Sunday, September 18, 2016

Retrotechtacular: Railroads In The Jet Age

The front of the Soviet jet train on a monument in Tver, Russia. By Eskimozzz [PD], via Wikimedia Commons.The front of the Soviet jet train on a monument in Tver, Russia. By Eskimozzz [PD], via Wikimedia Commons.It started with one of those odd links that pop up from time to time on Hacker News: “The strange and now sadly abandoned Soviet Jet Train from the 1970s“. Pictures of a dilapidated railcar with a pair of jet engines in nacelles above its cab, forlorn in a rusty siding in the Russian winter. Reading a little further on the subject revealed a forgotten facet of the rivalry between Russians and Americans at the height of the Cold War, and became an engrossing trawl through Wikipedia entries, rail enthusiast websites, and YouTube videos.

Railroad speeds have been a subject of intense competition ever since Richard Trevithick first had a high-pressure steam engine mounted on a set of rail wheels to make a locomotive. Designers, railroad companies and national governments have duked it out over who has the quickest trains. Though the results often have little bearing on the everyday trains that shuttle commuters into work, it continues to be a source of fierce competition. At the time of writing this piece the fastest conventional train record is held by the French and the fastest in timetabled service is located in China, but it’s certain that engineers from multiple other countries have those records in their sights.

The Black Beetle

In the 1960s while French and Japanese engineers were busy making the fastest trains of the age using electric power from overhead wires, the president of an American railroad company had other ideas. The New York Central Railroad would create a train that would run at 200 mph, and it would do so using jet power.

354621683_0bcd597a05_oThe engineer tasked with making this idea a reality was [Don Wetzel]. He took an existing diesel-powered railcar and mounted the booster nacelle from a Convair B36 bomber on a pylon above its cab, with its General Electric J47 engines providing the power. The Convair nacelle was mounted upside down, having previously been slung under the wing of the aircraft, so the engines had to be turned through 180 degrees within it. A streamlined front was fitted to the railcar, resulting in its being nicknamed the “Black Beetle“.

A 21-mile stretch of track was chosen between Butler, Indiana, and Stryker, Ohio, for its level grade and lack of corners. His top speed was 196 mph, but as he says in the first of the videos further down this page he was going easy on the throttle as the aim of the run was for 180 mph . If he had known that the world record at the time held by the French was a little over 200 mph, he might have opened it up a bit more. As it was his record still stands as the fastest achieved by a train carrying its own power source rather than taking its power from an overhead wire.

No Jet-Train Gap

Image from Dark Roasted BlendImage from Dark Roasted Blend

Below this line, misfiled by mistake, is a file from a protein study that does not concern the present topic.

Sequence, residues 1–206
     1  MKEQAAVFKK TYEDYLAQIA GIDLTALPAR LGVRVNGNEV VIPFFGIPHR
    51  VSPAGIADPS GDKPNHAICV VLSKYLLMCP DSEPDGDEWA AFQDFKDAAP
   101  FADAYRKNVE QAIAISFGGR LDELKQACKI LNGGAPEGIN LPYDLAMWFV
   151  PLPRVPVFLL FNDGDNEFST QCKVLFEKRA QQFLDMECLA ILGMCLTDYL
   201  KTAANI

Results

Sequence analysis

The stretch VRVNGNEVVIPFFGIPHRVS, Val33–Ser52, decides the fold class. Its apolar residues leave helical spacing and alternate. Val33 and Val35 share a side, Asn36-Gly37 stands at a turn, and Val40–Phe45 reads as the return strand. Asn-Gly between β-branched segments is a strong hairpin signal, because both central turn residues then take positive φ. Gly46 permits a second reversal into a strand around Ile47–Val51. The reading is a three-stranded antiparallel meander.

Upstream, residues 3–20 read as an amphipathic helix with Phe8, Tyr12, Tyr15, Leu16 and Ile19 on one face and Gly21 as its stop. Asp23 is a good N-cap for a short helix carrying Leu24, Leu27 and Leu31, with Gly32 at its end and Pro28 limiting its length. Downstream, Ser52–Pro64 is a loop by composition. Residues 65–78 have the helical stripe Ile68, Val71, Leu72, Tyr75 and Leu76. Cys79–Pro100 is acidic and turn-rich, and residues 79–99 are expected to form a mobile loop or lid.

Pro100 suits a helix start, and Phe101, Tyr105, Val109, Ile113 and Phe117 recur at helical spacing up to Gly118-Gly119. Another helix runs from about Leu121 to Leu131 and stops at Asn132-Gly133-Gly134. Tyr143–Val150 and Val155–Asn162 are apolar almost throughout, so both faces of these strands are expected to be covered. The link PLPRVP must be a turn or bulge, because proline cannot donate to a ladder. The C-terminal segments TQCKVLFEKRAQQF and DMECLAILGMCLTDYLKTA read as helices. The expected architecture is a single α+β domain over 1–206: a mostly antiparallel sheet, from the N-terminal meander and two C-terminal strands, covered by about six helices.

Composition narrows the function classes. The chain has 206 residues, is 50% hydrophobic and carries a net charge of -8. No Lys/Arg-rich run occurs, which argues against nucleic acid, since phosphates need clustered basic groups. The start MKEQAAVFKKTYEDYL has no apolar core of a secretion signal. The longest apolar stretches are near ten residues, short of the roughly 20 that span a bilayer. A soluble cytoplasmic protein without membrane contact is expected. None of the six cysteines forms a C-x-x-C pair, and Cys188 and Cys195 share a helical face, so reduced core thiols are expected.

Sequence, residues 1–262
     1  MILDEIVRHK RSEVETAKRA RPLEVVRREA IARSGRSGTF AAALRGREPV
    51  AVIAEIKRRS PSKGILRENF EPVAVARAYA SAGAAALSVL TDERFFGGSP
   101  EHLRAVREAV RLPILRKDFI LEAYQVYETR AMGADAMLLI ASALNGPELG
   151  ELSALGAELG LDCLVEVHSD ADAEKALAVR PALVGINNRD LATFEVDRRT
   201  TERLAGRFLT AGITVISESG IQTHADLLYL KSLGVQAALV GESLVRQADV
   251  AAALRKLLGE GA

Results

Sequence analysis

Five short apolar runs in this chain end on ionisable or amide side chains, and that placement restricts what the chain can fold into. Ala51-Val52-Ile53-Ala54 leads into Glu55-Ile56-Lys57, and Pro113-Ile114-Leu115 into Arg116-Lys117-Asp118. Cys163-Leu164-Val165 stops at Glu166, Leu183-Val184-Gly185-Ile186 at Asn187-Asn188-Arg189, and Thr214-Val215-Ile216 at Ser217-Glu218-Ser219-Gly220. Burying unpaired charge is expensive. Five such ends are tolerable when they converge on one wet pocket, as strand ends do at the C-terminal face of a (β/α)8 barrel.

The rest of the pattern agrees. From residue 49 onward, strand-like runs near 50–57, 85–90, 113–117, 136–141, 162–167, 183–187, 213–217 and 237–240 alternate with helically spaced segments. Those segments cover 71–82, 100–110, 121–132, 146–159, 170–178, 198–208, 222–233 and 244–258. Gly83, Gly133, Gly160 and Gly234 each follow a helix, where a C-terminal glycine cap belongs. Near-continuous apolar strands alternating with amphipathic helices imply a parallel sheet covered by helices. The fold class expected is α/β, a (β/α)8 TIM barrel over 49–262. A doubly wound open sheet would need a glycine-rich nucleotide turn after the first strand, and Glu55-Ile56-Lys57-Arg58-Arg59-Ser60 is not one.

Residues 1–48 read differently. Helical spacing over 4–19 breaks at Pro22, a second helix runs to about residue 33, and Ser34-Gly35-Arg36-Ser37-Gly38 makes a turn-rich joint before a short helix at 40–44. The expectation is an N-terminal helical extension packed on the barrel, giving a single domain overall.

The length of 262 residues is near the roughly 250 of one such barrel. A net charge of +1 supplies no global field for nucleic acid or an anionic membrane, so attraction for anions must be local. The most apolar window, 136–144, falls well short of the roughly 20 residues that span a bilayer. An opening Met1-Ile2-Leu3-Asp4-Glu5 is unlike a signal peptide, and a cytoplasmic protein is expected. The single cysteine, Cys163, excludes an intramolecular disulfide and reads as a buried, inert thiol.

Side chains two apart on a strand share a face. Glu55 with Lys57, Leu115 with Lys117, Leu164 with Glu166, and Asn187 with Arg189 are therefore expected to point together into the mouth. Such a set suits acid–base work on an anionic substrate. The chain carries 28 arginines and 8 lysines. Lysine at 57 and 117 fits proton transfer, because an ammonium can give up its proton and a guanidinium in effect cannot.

At the height of the Cold War, if one superpower did something then the other seemed bound to follow suit. A few years later in the early 1970s, the Russian railways also experimented with a jet-powered train (Google translation of a Russian Wikipedia original). Like the Black Beetle, they used an existing railcar modified with a streamlined front and a pair of jet engines above its cab, but unlike the American train they also streamlined the rear of the car. The engines were  Ivchenko AI-25 units as used in Yakovlev Yak-40 regional airliners. It achieved a 250 kmh speed on its test track between Dnipropetrovsk and Novomoskovsk in modern-day Ukraine.

Both the American and Soviet jet-powered trains were never intended as passenger-carrying transport, instead they served as engineering test beds to gather data about the effects of high-speed on both rolling stock and track. In that aim they succeeded, as the Russian engineer speaking in the second of the videos below testifies. What is remarkable is that neither train was built as a high-speed research vehicle from the ground up, both used run-of-the-mill low-speed railcars as their basis and ran on normal in-service track rather than specially prepared high-speed test tracks. Their operators should in both cases be remembered as particularly brave engineers, willing to risk a fatal rail crash in hardware pushed very far beyond the speeds it was designed for.

The Russian train survived until recently in the derelict state pictured in the page linked at the top of this page, but the American one had its jet engines and streamlining removed and was returned to regular service, eventually being scrapped in the early 1980s.

In the first video below the break courtesy of General Electric, [Wetzel] gives a fascinating personal account of the development of the Black Beetle, and of its record-breaking run. The second video of a Russia Today report mentions both trains, and has some film of the Russian train in operation.


Unsurprisingly, no jet-powered trains have been produced by our wider community of hackers and makers, so these are the first to feature on these pages. We have however featured more than one home-made jet engine.

Filed under: Retrotechtacular, transportation hacks

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